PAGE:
Games against Liverpool in recent years are a perfect example of how we struggle to cope against a team playing with high energy and high intensity. The same goes for Everton at the start of last season. They were much quicker than us, much sharper and they harried and hassled us into mistakes. We always struggle in games against teams that press high and force us into mistakes.
The pressing game is criminally underused. Dortmund implement it and it’s been shown to be a lethal weapon when used correctly. United have the players for it and Moyes used it at Everton, so it could be one area that will improve noticeably under Moyes.
Youth is another reason to be looking forward to the Moyes era. United’s values have always focused on youth and giving young players the chance to shine and make a name for themselves. Moyes will carry on that tradition.
At Everton, he gave debuts to Wayne Rooney and Ross Barkley when they were just 16 and he will undoubtedly show the same faith in youth at United with the likes of Adnan Januzaj, Nick Powell and Jesse Lingard banging on the first team door.
“Manchester United have always relied hugely on young players and my priority will always be to promote these talents.” David Moyes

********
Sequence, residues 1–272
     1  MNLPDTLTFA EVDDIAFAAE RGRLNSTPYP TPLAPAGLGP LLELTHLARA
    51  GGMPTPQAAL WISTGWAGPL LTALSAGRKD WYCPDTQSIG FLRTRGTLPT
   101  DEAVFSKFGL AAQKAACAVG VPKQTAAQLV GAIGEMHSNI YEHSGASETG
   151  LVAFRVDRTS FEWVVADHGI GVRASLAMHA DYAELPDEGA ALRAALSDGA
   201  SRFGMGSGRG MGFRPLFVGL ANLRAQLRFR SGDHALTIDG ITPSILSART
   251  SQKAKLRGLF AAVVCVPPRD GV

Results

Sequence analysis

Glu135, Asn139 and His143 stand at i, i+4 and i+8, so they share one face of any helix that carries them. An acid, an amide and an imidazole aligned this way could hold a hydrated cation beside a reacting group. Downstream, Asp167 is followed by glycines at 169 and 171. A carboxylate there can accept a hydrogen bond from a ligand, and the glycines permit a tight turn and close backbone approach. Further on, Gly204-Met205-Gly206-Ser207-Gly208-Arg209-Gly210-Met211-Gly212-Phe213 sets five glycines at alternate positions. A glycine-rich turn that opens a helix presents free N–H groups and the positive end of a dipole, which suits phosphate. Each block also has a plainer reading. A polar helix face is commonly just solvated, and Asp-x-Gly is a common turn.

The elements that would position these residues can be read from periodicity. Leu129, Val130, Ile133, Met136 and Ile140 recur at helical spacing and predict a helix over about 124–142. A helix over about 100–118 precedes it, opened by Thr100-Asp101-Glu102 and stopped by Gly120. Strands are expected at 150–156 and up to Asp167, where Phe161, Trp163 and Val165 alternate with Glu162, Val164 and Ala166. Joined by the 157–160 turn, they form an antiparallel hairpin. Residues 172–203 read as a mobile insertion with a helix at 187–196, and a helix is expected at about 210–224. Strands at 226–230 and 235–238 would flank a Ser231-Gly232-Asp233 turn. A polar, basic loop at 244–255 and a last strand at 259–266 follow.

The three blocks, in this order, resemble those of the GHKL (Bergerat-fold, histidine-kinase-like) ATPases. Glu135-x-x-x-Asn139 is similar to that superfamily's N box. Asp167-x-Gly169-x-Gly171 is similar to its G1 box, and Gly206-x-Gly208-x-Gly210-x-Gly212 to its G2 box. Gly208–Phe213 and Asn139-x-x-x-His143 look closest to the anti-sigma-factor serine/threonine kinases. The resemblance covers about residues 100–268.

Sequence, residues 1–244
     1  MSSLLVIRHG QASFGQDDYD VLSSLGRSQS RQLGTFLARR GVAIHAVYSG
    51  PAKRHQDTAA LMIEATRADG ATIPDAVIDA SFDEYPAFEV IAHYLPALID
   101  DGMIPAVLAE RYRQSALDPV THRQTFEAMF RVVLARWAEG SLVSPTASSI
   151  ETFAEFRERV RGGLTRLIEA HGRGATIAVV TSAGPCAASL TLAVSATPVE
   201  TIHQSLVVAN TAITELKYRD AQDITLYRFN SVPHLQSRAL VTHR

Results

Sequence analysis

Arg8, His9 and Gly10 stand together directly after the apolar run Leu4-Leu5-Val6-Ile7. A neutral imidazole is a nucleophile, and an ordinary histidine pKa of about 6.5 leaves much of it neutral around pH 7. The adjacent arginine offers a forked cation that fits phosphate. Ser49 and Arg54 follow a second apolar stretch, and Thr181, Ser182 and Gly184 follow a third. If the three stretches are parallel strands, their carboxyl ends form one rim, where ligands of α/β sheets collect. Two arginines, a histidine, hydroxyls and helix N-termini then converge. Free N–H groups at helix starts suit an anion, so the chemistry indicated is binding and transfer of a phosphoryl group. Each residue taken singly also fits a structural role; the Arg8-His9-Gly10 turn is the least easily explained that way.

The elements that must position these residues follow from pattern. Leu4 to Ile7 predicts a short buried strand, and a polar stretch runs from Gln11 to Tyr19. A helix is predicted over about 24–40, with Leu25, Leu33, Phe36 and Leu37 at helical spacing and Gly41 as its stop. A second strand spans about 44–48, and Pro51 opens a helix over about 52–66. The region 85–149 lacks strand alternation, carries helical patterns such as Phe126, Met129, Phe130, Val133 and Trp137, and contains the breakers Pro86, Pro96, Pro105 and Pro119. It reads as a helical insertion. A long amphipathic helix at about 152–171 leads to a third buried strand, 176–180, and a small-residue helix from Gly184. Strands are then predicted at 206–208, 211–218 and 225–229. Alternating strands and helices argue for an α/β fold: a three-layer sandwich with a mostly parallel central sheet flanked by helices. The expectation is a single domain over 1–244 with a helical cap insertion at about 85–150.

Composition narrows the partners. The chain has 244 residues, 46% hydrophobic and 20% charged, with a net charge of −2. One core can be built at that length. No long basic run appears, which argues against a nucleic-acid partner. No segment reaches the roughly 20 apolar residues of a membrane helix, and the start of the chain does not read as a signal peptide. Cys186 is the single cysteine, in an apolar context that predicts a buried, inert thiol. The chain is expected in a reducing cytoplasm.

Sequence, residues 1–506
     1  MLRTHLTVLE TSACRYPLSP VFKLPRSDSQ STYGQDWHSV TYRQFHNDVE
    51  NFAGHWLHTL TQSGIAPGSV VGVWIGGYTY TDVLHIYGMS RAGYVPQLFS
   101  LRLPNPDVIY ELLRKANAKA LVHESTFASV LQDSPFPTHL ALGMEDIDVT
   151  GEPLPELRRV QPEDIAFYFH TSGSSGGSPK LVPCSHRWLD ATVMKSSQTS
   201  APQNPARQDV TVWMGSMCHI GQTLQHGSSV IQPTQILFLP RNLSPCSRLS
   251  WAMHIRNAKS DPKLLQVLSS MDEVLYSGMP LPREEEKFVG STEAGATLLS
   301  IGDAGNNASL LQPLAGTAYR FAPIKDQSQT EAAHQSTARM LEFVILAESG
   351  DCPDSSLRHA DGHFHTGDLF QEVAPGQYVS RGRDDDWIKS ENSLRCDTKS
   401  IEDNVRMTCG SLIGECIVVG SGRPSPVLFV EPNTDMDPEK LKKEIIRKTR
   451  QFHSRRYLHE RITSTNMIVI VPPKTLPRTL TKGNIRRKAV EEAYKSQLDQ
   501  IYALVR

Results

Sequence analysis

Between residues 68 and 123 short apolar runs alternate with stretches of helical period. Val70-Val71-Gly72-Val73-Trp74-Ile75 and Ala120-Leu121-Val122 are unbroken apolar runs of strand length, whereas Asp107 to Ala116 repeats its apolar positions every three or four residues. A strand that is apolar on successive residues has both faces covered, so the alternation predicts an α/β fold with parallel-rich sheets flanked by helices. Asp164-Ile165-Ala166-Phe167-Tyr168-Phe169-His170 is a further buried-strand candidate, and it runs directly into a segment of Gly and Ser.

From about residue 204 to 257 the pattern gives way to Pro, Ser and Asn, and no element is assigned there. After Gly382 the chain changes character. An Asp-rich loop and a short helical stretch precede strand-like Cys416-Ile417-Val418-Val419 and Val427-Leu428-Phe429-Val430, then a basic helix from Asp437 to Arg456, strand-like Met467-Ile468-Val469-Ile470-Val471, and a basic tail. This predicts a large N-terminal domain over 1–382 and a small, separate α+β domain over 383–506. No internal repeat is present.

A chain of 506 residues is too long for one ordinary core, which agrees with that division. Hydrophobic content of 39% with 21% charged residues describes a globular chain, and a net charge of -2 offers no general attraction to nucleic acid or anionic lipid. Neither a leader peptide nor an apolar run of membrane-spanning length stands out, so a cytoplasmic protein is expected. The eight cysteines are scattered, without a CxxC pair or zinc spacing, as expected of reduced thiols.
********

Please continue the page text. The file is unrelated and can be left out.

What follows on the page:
Moyes will give those guys a chance on the biggest stage. Would Mourinho or many other managers? It’s something that the club values highly and Moyes knows it. He gets it. Not to mention the fact he’s already appointed Ryan Giggs and Phil Neville as coaches. Young, enthusiastic, knowledgeable men who know football inside out and know the club as well as anybody.
I’m not criticising Fergsuon or Meulensteen in the slightest. What he did for the club can never be over-stated. He is, without doubt, the greatest manager there’s ever been but that doesn’t mean Moyes can’t enjoy his own success.
It may not be on the same scale as Ferguson but he’s an intelligent man and a student of the game and will have his own ideas for the future and that is something to be extremely excited about.
Ferguson has left at the perfect time. He’s left behind a title-winning squad capable of going onto winning more, a squad that is full of experience and have that winning mentality installed but there’s also room for improvement.
Of course, there is plenty to worry about ahead of the Moyes era.
How will he be able to handle the media attention? Can he manage the world-class personalities? Will he be able to attract the biggest names? Is he experienced enough?
But he’ll learn on the job. It may take a while, we may have to be patient but, eventually, he’ll get it right.